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@article{b48a1146d98e480fa20555079fbf82b1,
title = "A Laboratory Exercise To Understand the Importance of Enzyme Technology in the Fruit-Processing Industry: Viscosity Decrease and Phenols Release from Apple Mash",
keywords = "Agricultural Chemistry, Enzymes, Bioanalytical Chemistry, Phenols, Food Science",
publisher = "American Chemical Society",
author = "Manuel Pinelo and Nielsen, {Michael Krogsgaard} and Meyer, {Anne S.}",
year = "2011",
doi = "10.1021/ed100240s",
volume = "88",
number = "4",
pages = "499--502",
journal = "Journal of Chemical Education",
issn = "0021-9584",

}

RIS

TY - JOUR

T1 - A Laboratory Exercise To Understand the Importance of Enzyme Technology in the Fruit-Processing Industry: Viscosity Decrease and Phenols Release from Apple Mash

A1 - Pinelo,Manuel

A1 - Nielsen,Michael Krogsgaard

A1 - Meyer,Anne S.

AU - Pinelo,Manuel

AU - Nielsen,Michael Krogsgaard

AU - Meyer,Anne S.

PB - American Chemical Society

PY - 2011

Y1 - 2011

N2 - In a 4-h laboratory exercise, students accomplish a series of enzymatic macerations of apple mash, assess the viscosity of the mash during the maceration, extract the juice by centrifugation, and measure the levels of antioxidant phenols extracted into the juice after different enzyme treatments. The exercise shows the impact of enzyme-catalyzed plant cell-wall degradation on the viscosity of apple fruit mash and on the extraction of antioxidant phenols into experimentally prepared apple juice. The exercise also demonstrates that pectinolytic and cellulolytic enzymes have different effects on the viscosity of apple mash. Depending on the academic skills and background of the students, various aspects of quantitative enzyme activity assessment and advanced data analysis of decay curves can be included in the postexercise discussions and reporting of the data.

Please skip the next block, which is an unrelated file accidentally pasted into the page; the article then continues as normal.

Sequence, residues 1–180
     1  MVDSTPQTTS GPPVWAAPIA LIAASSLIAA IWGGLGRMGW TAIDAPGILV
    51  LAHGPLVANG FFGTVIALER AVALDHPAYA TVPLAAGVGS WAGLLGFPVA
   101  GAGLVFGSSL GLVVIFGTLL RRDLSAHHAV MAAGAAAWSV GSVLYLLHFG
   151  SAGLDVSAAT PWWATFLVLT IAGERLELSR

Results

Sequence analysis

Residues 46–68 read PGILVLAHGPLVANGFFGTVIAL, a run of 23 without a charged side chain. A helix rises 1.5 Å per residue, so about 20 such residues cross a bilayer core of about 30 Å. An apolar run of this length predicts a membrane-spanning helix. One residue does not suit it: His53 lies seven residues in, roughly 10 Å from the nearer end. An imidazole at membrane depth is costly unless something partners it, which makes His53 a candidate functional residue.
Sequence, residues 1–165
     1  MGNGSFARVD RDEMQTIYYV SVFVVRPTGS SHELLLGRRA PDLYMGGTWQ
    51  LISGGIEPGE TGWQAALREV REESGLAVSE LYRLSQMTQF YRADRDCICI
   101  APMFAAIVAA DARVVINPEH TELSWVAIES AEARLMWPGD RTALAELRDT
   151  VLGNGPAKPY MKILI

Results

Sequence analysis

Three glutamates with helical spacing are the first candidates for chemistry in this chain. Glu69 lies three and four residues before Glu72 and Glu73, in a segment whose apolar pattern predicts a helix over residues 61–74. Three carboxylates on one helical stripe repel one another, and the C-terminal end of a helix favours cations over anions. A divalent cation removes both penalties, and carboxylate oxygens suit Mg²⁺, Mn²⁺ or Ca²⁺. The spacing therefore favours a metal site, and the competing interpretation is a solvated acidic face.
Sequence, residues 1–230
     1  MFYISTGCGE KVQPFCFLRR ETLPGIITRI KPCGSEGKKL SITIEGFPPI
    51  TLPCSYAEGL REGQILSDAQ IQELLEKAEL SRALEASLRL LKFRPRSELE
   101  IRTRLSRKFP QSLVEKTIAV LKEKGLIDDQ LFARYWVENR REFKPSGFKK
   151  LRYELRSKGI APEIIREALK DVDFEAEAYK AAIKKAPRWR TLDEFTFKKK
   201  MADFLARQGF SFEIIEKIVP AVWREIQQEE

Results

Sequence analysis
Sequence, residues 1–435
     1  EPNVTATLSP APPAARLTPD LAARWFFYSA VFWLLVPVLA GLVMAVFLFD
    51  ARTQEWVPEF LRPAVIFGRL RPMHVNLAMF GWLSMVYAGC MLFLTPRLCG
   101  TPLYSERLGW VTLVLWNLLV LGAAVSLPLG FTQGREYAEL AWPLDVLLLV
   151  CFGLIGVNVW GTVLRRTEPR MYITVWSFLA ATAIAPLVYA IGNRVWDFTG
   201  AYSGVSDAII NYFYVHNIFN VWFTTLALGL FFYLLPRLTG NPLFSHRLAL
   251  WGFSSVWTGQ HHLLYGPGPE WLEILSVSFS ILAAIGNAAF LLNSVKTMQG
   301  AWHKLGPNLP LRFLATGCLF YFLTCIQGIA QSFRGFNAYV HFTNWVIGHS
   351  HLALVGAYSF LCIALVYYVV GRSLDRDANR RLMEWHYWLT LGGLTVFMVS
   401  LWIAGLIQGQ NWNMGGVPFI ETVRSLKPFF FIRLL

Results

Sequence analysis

AB - In a 4-h laboratory exercise, students accomplish a series of enzymatic macerations of apple mash, assess the viscosity of the mash during the maceration, extract the juice by centrifugation, and measure the levels of antioxidant phenols extracted into the juice after different enzyme treatments. The exercise shows the impact of enzyme-catalyzed plant cell-wall degradation on the viscosity of apple fruit mash and on the extraction of antioxidant phenols into experimentally prepared apple juice. The exercise also demonstrates that pectinolytic and cellulolytic enzymes have different effects on the viscosity of apple mash. Depending on the academic skills and background of the students, various aspects of quantitative enzyme activity assessment and advanced data analysis of decay curves can be included in the postexercise discussions and reporting of the data.

KW - Agricultural Chemistry

KW - Enzymes

KW - Bioanalytical Chemistry

KW - Phenols

KW - Food Science

U2 - 10.1021/ed100240s

DO - 10.1021/ed100240s

JO - Journal of Chemical Education

JF - Journal of Chemical Education

SN - 0021-9584

IS - 4

VL - 88

SP - 499

EP - 502

ER -